Glancing through my phone recently, I discovered photos that our brother’s kids had taken of our Little Round Top diorama as part of a game where one takes a photo and the others have to find the cat soldier pictured. Sometimes a hint is allowed to narrow the search down to a single room or diorama. Sometimes not.

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We never know what we’ll notice when we play this game. A lone wounded solider stranded between the lines, perhaps, or a new view of a familiar battle line. Each of us sees something different. Even we who made and placed the figures will see something new to us.

So I thought I would share some of the pictures. On a large diorama like Little Round Top, it may be hard to find a particular soldier, but it is possible. Our cats are unique – like the men they each represent.


2017.08.12 closeup 3

Foolhardy Daredevil or “the Best Cavalry General in the World”?

IMG_0292George Armstrong Custer.  We know him for the Little Big Horn, for his long yellow hair and fancy uniform, and for his flamboyant, devil-may-care actions.  But if you’re like me, that may be all you know.  So, as I research for our diorama of East Cavalry Field at Gettysburg, I’m reading Gregory J. W. Urwin’s Custer Victorious and taking the opportunity to learn what Custer was really like during his Civil War career.

Custer had only been commanding troops for about a week before the fight at East Cavalry Field on July 3, 1863.  He had spent the war so far as a staff officer, but he had shown his character, as he personally saw to the careful placement of videttes (cavalry pickets) and even led forays to take enemy positions.  He was fearless but had common sense, and that was why Gen. Alfred Pleasonton, commanding the Union cavalry, recommended him for promotion straight from captain to brigadier general.

Upon his promotion, Custer had a custom uniform made of black velvet with gold lace—a uniform that prompted one of Gen. Meade’s staff officers to call him “one of the funniest-looking beings you ever saw…a circus rider gone mad!”  But Custer was probably inspired by the flamboyant Gen. Phil Kearny, who had been killed the year before, and at heart, Custer was a romantic and still a boy in his twenties.

The Michigan Brigade didn’t think much of their new “popinjay” general—a boy coming in, promoted over heads, and dressed like a dandy.  For his part, Custer had to establish his authority as brigade commander, and he did it by bringing West Point discipline to his brigade of volunteers, rather than trying to be friends. This only made them dislike him more.

On July 2, near Gettysburg, Custer’s brigade encountered Confederate skirmishers.  Seeing it was only a couple hundred of the enemy, he strung his regiments across the road, then led Company A of the 6th Michigan forward in a charge—only to run smack into Gen. Wade Hampton’s entire brigade!  Custer was unhorsed, the company was cut to pieces, and they only barely managed to scramble back to their lines.  Custer himself would not have escaped had a trooper not pulled him up behind his saddle and high-tailed it to safety.  It was not a promising start as brigadier general.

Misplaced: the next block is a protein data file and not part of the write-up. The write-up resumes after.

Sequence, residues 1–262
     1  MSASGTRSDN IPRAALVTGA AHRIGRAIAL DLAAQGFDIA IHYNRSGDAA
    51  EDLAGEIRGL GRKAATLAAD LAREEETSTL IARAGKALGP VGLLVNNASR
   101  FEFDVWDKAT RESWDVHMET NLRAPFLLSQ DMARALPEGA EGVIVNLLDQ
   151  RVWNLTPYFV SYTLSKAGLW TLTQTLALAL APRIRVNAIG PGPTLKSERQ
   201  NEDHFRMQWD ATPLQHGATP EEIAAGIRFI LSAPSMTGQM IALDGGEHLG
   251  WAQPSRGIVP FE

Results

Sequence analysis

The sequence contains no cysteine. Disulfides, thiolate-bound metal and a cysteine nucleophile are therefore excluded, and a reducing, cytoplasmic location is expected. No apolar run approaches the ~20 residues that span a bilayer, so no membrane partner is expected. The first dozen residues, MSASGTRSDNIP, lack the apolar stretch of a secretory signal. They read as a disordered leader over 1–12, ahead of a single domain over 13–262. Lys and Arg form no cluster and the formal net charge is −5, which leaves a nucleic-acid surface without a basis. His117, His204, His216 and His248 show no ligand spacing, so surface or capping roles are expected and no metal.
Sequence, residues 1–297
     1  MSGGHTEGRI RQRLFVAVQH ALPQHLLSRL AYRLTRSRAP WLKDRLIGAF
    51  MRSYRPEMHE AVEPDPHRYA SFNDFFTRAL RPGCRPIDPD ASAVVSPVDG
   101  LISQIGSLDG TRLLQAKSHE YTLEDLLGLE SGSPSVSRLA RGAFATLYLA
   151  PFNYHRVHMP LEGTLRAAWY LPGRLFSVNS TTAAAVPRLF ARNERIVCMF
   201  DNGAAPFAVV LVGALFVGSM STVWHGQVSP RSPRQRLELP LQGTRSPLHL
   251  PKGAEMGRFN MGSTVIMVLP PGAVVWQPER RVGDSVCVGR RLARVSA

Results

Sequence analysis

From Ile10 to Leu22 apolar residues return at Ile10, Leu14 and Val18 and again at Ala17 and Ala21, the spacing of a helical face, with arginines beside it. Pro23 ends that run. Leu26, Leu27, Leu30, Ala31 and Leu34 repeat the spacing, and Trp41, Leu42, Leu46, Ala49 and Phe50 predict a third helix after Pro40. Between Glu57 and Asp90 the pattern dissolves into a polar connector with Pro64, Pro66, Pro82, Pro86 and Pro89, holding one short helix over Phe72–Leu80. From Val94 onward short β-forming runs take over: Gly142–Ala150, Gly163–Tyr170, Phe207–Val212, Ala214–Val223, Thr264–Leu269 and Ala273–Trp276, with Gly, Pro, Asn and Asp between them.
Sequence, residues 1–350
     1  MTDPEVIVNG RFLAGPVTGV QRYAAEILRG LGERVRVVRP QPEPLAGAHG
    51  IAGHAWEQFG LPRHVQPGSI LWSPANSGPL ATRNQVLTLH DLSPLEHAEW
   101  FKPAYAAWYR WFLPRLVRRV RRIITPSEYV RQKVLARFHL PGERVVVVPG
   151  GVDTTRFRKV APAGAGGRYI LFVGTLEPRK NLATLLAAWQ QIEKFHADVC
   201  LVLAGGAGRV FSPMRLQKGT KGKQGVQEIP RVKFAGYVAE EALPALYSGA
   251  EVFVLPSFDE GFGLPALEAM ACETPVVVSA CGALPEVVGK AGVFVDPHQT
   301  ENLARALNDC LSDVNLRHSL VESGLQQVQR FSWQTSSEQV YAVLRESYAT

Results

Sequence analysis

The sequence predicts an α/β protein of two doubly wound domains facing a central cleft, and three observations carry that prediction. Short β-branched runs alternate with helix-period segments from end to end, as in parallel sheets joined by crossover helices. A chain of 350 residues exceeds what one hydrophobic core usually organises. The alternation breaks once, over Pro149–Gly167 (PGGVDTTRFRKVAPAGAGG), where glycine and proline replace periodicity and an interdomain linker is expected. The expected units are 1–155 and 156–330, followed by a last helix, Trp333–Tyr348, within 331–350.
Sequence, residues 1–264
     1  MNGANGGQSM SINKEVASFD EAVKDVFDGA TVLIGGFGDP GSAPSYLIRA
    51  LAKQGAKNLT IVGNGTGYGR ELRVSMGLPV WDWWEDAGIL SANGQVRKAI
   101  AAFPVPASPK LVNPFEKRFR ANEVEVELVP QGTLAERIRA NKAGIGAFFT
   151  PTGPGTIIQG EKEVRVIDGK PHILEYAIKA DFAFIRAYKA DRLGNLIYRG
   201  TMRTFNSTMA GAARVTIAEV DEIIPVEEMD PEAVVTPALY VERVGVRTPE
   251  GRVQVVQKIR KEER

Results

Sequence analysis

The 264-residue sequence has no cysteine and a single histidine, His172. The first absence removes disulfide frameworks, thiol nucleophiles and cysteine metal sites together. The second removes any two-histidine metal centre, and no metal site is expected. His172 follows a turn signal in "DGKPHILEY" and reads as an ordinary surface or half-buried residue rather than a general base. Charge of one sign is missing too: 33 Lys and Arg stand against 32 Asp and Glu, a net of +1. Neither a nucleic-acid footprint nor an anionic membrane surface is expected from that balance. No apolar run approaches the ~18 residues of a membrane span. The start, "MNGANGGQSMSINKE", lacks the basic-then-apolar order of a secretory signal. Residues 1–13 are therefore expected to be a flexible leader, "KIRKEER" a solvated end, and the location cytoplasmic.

Custer learned from the fiasco, and throughout the remainder of the war, he would be the one to send forward dismounted skirmishers to check out the situation so he would be informed before leading his men, personally, in a full-out cavalry charge.  Ironically, while pursuing Lee’s army after Gettysburg, it was Custer (who history calls rash) who was about to send dismounted men to check out a Confederate position, when Gen. Hugh Kilpatrick, the division commander, rode up and ordered the squadron to make a mounted saber charge instead—they did, and ran into a brigade of entrenched Confederate infantry.  Only the Confederates’ disbelief that it could really be an enemy attack with such a tiny force allowed them to make it to the trenches, and only Custer’s arrival with the rest of the brigade enabled any to survive the foolhardy attack.

On July 3, Custer’s first real test came.  After a day of fighting, the Confederates launched a massive cavalry charge—two brigades in columns of squadrons, thundering down on the weakened Union line.  Gen. David Gregg had only one regiment to send out against them: Custer’s 1st Michigan Cavalry.  As the regiment received their orders, one officer exclaimed, “Great heavens!  We will all be swallowed up!”  And then Custer rode up.  As brigade commander, he did not need to lead the charge, but he did, galloping far ahead of his men and shouting, “Come on, you Wolverines!”  The two charging columns struck with such force that horses were bowled over, end-for-end.  The little regiment stopped the Confederates in their tracks.  Thanks to Union canister and dismounted troopers peppering the flanks, the Confederate column finally broke and retreated, ending any chance that Gen. Jeb Stuart’s horsemen had of harassing the Union army’s rear.

From that moment on, the Wolverines no longer considered their general a “dandy” with “girl’s hair.”  A captain of the 6th Michigan wrote, “The command perfectly idolized Custer.” The entire brigade adopted the crimson neckIMG_0288 closeuptie, to match their general.  One trooper wrote, “Our boy-general never says, ‘Go in, men!’  HE says, with that whoop and yell of his, ‘Come on, boys!’ and in we go, you bet.” And with affection like that in the ranks behind him, what could Custer not accomplish?  Even a quick survey of the remaining years of the war shows Custer’s men accomplishing the impossible, time and time again.